Exploring professional futures with lab coats and safety glasses
“Future Day” at the Helmholtz Centre for Infection Research
Today, a total of 48 school pupils in Years 6 to 11 visited the Helmholtz Centre for Infection Research (HZI) to find out more about working at a cutting-edge research institute. They got an insight into the world of research through visiting six scientific and two administrative departments.
The HZI has been supporting the career orientation day, called “Future Day”, since 2002. Once a year, the HZI opens its doors to show inquisitive young people that science can be fun. By providing hands-on experiences, the aim is to reduce possible inhibitions against natural science professions and studies and eliminate any cliched ideas.
The Administrative Director, Silke Tannapfel, opened this year's careers day at the HZI with a short introduction to the centre. Then the pupils started their visits to various departments. “We were very pleased that so many students wanted to take part in today's careers day at the Helmholtz Centre for Infection Research. Thanks to our dedicated staff, we were able to give them many insights into the different areas of our centre,” says Silke Tannapfel.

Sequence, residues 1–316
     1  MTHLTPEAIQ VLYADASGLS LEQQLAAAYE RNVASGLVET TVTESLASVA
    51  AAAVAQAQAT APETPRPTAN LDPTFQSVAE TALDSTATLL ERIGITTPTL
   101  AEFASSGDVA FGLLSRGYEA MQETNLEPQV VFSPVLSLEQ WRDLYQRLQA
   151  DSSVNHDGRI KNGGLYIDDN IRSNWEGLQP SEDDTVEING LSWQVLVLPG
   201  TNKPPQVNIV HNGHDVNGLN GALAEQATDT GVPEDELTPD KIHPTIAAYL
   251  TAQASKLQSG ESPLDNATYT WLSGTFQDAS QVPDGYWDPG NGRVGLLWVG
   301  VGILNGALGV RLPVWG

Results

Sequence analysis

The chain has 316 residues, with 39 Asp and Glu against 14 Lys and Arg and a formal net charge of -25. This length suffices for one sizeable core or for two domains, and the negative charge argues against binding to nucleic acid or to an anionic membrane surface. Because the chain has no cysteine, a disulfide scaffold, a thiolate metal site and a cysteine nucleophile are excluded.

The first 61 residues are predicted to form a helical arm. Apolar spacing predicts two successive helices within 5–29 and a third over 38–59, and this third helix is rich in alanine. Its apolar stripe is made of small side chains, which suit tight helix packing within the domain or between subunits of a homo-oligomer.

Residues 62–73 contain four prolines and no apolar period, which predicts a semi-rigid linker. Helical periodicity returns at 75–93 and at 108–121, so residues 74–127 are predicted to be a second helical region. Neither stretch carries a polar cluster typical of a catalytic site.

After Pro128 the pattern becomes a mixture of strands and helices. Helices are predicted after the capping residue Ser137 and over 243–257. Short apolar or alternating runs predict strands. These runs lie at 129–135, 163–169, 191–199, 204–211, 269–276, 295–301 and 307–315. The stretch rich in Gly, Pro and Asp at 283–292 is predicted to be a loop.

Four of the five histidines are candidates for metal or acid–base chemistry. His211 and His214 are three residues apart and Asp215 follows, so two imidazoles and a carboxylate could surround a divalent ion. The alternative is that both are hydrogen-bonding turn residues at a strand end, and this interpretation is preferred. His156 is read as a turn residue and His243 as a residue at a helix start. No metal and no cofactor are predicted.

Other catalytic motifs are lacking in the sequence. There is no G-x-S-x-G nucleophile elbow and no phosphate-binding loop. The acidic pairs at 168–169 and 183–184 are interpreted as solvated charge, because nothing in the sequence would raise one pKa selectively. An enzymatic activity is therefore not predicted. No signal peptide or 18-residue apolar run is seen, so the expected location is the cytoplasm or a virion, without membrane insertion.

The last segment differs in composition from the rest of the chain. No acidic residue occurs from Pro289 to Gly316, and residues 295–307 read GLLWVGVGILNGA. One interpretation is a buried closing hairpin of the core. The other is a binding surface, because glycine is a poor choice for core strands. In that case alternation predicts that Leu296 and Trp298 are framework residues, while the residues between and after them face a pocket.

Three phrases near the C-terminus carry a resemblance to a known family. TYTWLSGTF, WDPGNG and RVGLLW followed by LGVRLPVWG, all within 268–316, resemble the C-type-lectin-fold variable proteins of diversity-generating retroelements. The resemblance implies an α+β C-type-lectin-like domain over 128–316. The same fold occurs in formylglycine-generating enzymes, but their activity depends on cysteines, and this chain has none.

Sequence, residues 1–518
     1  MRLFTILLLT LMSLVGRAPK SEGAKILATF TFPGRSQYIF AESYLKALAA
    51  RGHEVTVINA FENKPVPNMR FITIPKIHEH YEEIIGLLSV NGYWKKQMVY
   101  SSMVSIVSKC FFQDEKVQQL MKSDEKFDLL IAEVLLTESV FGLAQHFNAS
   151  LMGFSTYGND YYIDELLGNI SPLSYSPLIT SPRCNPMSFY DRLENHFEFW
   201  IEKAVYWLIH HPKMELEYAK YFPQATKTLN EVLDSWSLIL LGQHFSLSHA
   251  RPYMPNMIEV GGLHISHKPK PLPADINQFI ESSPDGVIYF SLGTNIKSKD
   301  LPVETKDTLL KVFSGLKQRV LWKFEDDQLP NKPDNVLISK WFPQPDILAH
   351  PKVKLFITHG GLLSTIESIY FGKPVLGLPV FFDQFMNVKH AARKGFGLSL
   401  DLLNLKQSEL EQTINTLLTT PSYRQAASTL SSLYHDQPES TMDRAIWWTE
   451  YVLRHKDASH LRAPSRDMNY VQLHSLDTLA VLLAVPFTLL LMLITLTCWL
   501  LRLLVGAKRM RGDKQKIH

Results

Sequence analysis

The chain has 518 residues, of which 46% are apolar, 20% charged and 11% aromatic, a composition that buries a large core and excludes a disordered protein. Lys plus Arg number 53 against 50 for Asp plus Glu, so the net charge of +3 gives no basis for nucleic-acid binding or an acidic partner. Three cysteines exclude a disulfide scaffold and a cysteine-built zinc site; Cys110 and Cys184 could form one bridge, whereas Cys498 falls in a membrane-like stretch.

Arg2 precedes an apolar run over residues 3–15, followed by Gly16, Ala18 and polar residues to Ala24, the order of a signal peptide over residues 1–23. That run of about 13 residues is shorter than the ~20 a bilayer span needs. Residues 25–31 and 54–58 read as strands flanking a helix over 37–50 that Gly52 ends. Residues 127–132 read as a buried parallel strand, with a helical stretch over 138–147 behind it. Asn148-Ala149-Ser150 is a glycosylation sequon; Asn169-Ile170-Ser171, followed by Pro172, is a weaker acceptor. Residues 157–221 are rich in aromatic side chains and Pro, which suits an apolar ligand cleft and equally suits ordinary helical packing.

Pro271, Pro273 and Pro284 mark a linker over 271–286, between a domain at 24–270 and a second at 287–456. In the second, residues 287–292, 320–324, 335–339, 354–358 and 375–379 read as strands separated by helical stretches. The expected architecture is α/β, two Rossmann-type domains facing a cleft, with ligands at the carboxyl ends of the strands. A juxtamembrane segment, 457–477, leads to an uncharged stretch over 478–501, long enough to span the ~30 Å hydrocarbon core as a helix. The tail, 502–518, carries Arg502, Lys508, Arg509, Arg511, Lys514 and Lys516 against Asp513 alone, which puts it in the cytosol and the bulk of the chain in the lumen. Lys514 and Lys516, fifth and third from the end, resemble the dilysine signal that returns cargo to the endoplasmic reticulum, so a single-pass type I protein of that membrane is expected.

A total of eight departments welcomed the visitors. The students were allowed to use pipettes or look through microscopes as they visited the different research groups. “We examined cells under the microscope and took photos of them,” says Lucas (12). “Everything was new to us.” Maarten (11) was also enthusiastic about his day in the laboratory of the Viral Immune Modulation research group: “I thought using the pipettes was really cool. We diluted paint with water.” New insights were also gained by Sophia (15) during her visit to the Central Facility for Microscopy: “It was something completely different.” Anneke and Frieda (11) praised the atmosphere and dedication of the staff: “Everyone was nice and explained everything really well.”
The pupils also visited the HZI computer centre and the scientific library, discovering that not everyone at a research centre works in a laboratory. Eva and Leoni (12) were fascinated by the HZI servers: “We learned about SAP and networks.” Anton (12) and Ruben (13), on the other hand, learned about how a scientific library is structured. The pupils all agreed: It was a fun day and they leave the research centre with new insights and experiences. “We do not need to worry too much about attracting the next generation of scientists,” says Silke Tannapfel.